If your app requires significant user interaction, the app should launch an activity only as a last resort. Instead, consider using a dialog or a toggle.

Long-tapping a tile prompts the App Info screen for the user. To override this behavior and instead launch an activity for setting preferences, add an <intent-filter> to one of your activities with ACTION_QS_TILE_PREFERENCES.

Mark your tile as toggleable

We recommend marking your tile as toggleable if it functions primarily as a two-state switch (which is the most common behavior of tiles). This helps provide information about the behavior of the tile to the operating system and improve overall accessibility.

Set the TOGGLEABLE_TILE metadata to true to mark your tile as toggleable.

<service ...>
  <meta-data android:name="android.service.quicksettings.TOGGLEABLE_TILE"
    android:value="true" />
</service>

Perform only safe actions on securely-locked devices

Your tile may display on top of the lock screen on locked devices. If the tile contains sensitive information, check the value of isSecure() to determine whether the device is in a secure state, and your TileService should change its behavior accordingly.

If the tile action is safe to perform while locked, use startActivity() to launch an activity on top of the lock screen.

If the tile action is unsafe, use unlockAndRun() to prompt the user to unlock their device. If successful, the system executes the Runnable object that you pass into this method.

Prompt the user to add your tile

To manually add your tile, users must follow several steps:

  1. Swipe down to open the Quick Settings panel.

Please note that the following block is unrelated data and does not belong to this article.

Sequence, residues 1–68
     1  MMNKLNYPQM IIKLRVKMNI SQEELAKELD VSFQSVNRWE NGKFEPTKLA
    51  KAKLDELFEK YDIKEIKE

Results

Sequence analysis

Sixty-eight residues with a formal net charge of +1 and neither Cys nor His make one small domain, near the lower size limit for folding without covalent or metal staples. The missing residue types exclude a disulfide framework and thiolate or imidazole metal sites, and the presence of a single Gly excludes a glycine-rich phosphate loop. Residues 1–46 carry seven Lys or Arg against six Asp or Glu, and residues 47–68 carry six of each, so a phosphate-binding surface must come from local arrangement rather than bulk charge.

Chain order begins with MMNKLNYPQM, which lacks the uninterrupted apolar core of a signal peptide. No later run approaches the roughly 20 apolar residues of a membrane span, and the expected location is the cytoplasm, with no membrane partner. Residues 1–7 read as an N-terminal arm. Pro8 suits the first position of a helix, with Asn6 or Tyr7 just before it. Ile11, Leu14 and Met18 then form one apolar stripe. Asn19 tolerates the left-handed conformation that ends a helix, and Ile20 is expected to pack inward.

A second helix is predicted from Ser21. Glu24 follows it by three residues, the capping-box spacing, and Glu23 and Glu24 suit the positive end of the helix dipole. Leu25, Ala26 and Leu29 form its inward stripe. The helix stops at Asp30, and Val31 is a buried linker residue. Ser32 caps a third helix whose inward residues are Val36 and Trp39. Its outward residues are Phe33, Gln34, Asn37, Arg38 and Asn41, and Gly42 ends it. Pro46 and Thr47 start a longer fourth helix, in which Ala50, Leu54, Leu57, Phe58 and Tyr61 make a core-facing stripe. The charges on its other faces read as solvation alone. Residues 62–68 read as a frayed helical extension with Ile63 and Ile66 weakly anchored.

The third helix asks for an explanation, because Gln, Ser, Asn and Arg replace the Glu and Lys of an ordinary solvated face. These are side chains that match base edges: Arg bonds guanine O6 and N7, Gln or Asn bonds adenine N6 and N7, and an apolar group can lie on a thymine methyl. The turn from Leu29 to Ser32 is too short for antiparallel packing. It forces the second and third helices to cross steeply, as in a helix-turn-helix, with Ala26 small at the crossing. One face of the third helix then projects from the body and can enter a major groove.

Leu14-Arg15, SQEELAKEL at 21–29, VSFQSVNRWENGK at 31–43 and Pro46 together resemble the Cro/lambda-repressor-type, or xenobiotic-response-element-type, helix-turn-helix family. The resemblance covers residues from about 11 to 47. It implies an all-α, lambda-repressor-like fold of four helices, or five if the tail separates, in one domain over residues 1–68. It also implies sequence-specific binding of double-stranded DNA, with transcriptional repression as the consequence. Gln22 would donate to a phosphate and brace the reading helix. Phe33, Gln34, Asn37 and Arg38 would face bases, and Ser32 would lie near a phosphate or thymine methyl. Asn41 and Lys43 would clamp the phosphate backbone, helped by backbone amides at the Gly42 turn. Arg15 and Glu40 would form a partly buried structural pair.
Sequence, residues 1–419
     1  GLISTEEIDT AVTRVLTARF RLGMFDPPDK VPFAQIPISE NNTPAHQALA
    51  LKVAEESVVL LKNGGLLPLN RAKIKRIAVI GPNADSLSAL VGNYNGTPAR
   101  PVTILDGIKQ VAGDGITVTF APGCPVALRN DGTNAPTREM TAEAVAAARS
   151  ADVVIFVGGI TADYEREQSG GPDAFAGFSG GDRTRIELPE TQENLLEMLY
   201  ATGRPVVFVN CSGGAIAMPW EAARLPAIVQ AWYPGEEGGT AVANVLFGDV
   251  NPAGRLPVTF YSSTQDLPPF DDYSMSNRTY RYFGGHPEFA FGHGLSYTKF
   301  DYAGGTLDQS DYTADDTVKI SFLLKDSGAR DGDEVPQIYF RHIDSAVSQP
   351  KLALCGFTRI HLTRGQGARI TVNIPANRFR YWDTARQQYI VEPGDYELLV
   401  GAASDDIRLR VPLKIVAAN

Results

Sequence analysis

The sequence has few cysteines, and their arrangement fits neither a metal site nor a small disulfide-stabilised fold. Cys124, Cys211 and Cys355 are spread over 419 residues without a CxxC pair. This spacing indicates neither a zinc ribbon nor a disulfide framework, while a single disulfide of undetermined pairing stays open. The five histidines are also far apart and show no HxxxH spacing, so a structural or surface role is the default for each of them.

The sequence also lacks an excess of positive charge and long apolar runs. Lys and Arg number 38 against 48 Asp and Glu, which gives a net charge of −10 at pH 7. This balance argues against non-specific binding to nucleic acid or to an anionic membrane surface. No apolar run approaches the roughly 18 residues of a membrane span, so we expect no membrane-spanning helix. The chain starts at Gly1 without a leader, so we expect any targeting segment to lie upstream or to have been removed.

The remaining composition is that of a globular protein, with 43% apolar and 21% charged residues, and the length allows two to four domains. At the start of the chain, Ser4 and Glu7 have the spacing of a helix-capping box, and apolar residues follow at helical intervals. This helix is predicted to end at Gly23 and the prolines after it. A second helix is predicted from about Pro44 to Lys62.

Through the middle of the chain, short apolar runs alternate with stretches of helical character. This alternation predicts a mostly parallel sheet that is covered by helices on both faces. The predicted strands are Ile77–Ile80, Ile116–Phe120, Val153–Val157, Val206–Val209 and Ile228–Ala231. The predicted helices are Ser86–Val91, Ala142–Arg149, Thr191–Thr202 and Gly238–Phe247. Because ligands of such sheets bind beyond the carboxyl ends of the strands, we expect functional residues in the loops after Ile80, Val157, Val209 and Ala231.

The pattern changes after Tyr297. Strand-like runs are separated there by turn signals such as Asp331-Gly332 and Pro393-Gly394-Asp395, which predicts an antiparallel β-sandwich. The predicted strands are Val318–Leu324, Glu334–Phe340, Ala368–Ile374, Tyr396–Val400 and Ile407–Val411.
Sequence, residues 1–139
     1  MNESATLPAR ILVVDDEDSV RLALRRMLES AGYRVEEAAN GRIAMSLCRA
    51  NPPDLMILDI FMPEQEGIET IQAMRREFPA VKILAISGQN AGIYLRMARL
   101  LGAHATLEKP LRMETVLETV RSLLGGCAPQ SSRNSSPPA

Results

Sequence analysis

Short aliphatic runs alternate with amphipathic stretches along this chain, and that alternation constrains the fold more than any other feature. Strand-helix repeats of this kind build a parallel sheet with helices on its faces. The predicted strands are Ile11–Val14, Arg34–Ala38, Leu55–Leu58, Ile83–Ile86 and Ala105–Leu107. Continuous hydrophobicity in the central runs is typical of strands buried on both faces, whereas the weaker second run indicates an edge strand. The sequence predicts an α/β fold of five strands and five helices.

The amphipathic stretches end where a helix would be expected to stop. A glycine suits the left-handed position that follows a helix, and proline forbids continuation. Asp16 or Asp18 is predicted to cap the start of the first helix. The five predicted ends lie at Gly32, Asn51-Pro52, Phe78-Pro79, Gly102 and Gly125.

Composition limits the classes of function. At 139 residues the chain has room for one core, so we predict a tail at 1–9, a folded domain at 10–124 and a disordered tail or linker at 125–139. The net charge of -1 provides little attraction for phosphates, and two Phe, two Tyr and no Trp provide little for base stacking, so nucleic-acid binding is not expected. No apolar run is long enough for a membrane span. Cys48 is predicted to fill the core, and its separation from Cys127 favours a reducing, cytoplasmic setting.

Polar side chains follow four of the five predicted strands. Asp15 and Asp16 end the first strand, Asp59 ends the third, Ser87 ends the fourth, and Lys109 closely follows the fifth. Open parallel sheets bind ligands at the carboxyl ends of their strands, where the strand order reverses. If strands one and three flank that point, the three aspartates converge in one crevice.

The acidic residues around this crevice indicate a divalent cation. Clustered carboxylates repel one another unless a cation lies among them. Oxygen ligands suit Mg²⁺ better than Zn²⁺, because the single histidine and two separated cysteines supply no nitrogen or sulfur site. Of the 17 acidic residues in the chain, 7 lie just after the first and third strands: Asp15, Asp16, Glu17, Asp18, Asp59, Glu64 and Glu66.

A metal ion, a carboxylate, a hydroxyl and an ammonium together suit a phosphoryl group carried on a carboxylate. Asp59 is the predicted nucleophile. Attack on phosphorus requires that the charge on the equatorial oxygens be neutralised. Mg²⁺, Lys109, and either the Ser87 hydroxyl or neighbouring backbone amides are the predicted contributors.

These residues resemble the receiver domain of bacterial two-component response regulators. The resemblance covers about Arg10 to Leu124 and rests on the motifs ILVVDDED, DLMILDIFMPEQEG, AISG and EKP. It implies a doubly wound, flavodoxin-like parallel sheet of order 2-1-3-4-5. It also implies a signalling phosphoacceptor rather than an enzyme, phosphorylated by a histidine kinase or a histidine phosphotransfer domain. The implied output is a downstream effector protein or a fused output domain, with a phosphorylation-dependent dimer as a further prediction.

2. Tap the edit button.
  3. Scroll through all tiles on their device until they locate your tile.
  4. Hold down your tile, and drag it to the list of active tiles.

The user can also move or remove your tile at any point.

Starting on Android 13, you can use the requestAddTileService() method to make it much easier for users to add your tile to a device. This method prompts users with a request to quickly add your tile directly to their Quick Settings panel. The prompt includes the application name, the provided label, and icon.

Quick Settings Placement API prompt
Figure 5: Quick Settings Placement API prompt
public void requestAddTileService (
  ComponentName tileServiceComponentName,
  CharSequence tileLabel,
  Icon icon,
  Executor resultExecutor,
  Consumer<Integer> resultCallback
)

The callback contains information about whether or not the tile was added, not added, if it was already there, or if any error occurred.

Use your discretion when deciding when and how often to prompt users. We recommend calling requestAddTileService() only in context – such as when the user first interacts with a feature that your tile facilitates.

The system can choose to stop processing requests for a given ComponentName if it has been denied by the user enough times before. The user is determined from the Context used to retrieve this service—it must match the current user.